"We already have evidence of abuses of power. We know that NSA analysts were using their surveillance powers to track their ex-wives and husbands, and other love interests. They even had a name for it, LOVEINT. The FISA court has also cited the NSA for violating or ignoring court orders for years at a time. And those are just self-reported abuses – the only oversight that occurs is that the NSA investigates itself" (4)
After reading that, I'm not sure I feel quite as comortable about this as Pro.
On top of these issues, it's becoming clear that the balance of power in Washington, D.C. is tilting heavily in the direction of the NSA. Neither congress or the Dept. Of Defense has been able to get information about what the NSA is up to:
"Congress has an incredibly hard time getting information about NSA spying. And it’s not just Congress. We learned a few months ago that the Department of Defense's deputy Inspector General, in charge of Intelligence and Special Program Assessments, was not aware of the call detail collection program." (4)
"What’s more, the secretive Foreign Intelligence Surveillance Court (FISC) is completely incomparable to an ordinary adversarial court. It makes decisions in a vacuum, and it doesn’t always have complete information, much less a second adversarial voice or technical help. Its chief judge has said that it’s not equipped to conduct oversight." (4)
In summary, the NSA surveillance has been a complete an utter failure. We all want to feel save and be able to sleep at night, so I understand Pro's plight. However, we must ask ourselves: do we want to pay billions of dollars, along with the potential for the loss of our freedom, for what amounts to nothing more than warm, fuzzy thoughts for those who put their trust in the NSA? I think not.
Honestly I think they are scared of what they don"t know, they don"t even know how many criminals they have stopped with the surveillance or how many more they could. The people of the United States are divided between what they think the government should do, as long as they are going along with what they feel and not what their friends or family say or think, then let make their choice. But honestly it doesn"t bother me. It isn"t hurting anyone, it is saving them instead. We are the United States people, we live here, our families live here. They are protecting the people that live within the States, and all the people are doing is fighting against the government, and each other over the surveillance that is keeping everyone safe. How are we going to help ourselves and others if we get rid of it, over our privacy, how can we be so selfish and careless.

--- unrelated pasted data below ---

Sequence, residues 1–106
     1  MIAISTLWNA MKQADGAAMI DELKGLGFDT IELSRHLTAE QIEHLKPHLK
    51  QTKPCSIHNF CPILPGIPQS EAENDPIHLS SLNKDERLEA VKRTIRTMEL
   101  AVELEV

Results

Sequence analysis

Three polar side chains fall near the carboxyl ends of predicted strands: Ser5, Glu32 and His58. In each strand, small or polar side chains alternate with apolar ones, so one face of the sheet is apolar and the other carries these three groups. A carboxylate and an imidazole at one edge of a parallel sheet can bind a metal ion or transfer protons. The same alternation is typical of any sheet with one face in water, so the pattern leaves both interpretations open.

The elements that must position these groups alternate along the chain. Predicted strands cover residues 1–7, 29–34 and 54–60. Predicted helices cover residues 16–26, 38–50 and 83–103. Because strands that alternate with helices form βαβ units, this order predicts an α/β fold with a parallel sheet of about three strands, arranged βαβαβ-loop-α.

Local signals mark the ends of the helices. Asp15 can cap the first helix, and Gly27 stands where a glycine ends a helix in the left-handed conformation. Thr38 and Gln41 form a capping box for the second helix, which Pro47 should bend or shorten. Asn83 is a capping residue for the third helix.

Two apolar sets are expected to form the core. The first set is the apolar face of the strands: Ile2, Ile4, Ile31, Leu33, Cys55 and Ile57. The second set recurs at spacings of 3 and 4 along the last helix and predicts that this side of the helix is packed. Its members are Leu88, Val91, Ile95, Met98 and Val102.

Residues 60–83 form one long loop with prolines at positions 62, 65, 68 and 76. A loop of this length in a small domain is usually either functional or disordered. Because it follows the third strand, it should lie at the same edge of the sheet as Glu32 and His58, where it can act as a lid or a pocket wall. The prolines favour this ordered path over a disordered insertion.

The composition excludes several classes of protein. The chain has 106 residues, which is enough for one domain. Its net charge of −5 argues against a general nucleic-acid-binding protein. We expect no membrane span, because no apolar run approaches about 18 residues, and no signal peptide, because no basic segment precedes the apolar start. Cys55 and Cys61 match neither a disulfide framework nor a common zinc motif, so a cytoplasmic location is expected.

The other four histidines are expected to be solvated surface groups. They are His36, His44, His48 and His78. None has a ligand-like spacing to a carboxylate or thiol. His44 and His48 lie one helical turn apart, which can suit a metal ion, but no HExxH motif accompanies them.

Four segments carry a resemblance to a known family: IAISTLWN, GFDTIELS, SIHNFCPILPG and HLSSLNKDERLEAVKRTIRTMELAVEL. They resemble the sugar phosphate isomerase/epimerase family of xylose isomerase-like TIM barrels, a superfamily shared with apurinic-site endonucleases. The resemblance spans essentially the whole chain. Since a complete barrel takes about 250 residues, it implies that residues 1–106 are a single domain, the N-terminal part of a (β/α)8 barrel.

Obama may say that it hasn"t helped stop anyone but really what does he know, nothing he wasn"t the one who ordered it, President Bush did. In order for that to be put in action the congress and the senate had to agree with it, otherwise it would not have been able to happen, it is almost like passing a bill. So how could Obama know unless he got the court's approval to look at the records.
And if he did all of this without their permission and a signed contract for his evidence, then he could be taken out of office.
While it is true that President Bush began the NSA surveillance programs, it would be silly to think President Obama does not know what's going on. After all, he signed legislation this year to continue the program. (1). The director of the NSA reports to the director of National Intelligence who reports to President Obama.
Pro continues to make arguments that NSA spying is saving lives, however as I documented in round 1, those claims are highly dubious. Please consider that the source of my information is the head of the NSA itself. My opponent has not countered my arguments, but rather has simply tried to justify the "saved lives" argument by fiat.
The reason that the Patriot act was signed into existence was essentially the same reason that over 100,000 Japanese Americans were placed in internment camps during world war II. There tends to be an emotional reaction to events such as the bombing of Pearl Harbor and 9/11. Emotion clouds thinking and leads to poor outcomes.
Regarding my opponents last few sentences in round 2, it appears to show a lack of understanding regarding how our government works. It isn't "almost like a bill". The patriot act started as a bill, H.R. 3162, which then passed the House and Senate and was signed by the President. This is all public information, so I'm not sure what records Pro refers to that Obama would need permission to see from the "court".
I'll refrain from introducing new arguments since none of my arguments from round 1 were addressed.
When your estimate of the number of terrorist plots prevented by NSA surveillance is much higher than the admission of the director of the NSA (who, if anything, is likely to over-estimate this number), I think it's time to rethink your position.
While my opponent may only be 16, there is no better time to learn that power between governments and people must be balanced. A quote from Thomas Jefferson:
"Every government degenerates when trusted to the rulers of the people alone. The people themselves are its only safe depositories" (1)